In 1790, William Herschel discovered NGC 3079, a nearly edge-on barred spiral galaxy in Ursa Major about 50 million light-years away.
Hubble images reveal its spiral disk is peppered with many HII regions that appear strikingly red. Hubble also uncovered how the galactic nucleus is emitting a lumpy bubble of hot gas surrounded by glowing fingers of interstellar matter. The bubble is more than 3,000 light-years wide and towers 3,500 light-years above the galaxy’s spiral disk. Research suggests that the bubble is caused by a stream of high-speed particles that were released during a surge of star formation.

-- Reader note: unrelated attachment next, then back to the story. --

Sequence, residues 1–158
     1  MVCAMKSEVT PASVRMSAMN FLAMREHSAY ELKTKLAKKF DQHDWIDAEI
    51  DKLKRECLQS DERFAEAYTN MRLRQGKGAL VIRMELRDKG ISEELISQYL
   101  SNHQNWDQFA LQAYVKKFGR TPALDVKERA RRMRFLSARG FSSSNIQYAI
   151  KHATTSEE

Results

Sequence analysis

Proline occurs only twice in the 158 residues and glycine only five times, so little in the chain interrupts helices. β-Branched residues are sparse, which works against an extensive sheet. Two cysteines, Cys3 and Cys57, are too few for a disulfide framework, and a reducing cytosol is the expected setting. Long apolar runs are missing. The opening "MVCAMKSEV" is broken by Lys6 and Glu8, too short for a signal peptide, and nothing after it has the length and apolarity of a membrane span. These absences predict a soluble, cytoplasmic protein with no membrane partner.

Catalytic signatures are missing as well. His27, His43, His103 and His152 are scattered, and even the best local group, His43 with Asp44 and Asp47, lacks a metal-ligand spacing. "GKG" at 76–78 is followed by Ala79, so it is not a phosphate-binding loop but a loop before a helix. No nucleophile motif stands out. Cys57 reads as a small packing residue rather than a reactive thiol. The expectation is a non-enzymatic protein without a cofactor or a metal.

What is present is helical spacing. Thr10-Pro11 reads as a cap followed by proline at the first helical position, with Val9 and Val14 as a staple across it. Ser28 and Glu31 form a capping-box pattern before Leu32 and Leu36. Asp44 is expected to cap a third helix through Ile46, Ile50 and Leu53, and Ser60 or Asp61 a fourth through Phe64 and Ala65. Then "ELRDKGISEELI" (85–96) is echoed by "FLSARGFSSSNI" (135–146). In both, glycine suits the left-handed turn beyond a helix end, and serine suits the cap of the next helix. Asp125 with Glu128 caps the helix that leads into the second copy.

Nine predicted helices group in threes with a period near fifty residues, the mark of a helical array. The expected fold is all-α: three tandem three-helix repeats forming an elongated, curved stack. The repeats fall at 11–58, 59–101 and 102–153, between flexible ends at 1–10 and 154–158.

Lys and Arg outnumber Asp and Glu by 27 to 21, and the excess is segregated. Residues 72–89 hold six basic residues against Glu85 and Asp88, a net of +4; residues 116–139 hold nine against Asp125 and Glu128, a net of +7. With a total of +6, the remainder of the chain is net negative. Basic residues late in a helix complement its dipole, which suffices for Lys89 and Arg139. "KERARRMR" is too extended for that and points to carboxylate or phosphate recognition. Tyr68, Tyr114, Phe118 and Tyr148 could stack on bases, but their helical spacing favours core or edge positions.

There’s another oddity nearby. Though not physically related, Q0957+561 lies just 14′ northwest of NGC 3079. This object contains not one, but two quasars separated by 6″. Do quasars form in pairs too, like some stars? That was undoubtedly one of the first questions asked when Q0957+561 (nicknamed the Twin Quasar) was discovered in 1979. Further studies revealed that it’s actually a single quasar; it only appears double due to gravitational lensing.
A galaxy cataloged as YGKOW G1 happens to sit exactly between us and the distant quasar. Its gravity warps the space around it, bending the path of light that passes nearby, like a lens. In fact, Q0957+561 was the first known example of a gravitational lens, proving that Einstein got it right when he said that gravity can bend the fabric of space and time.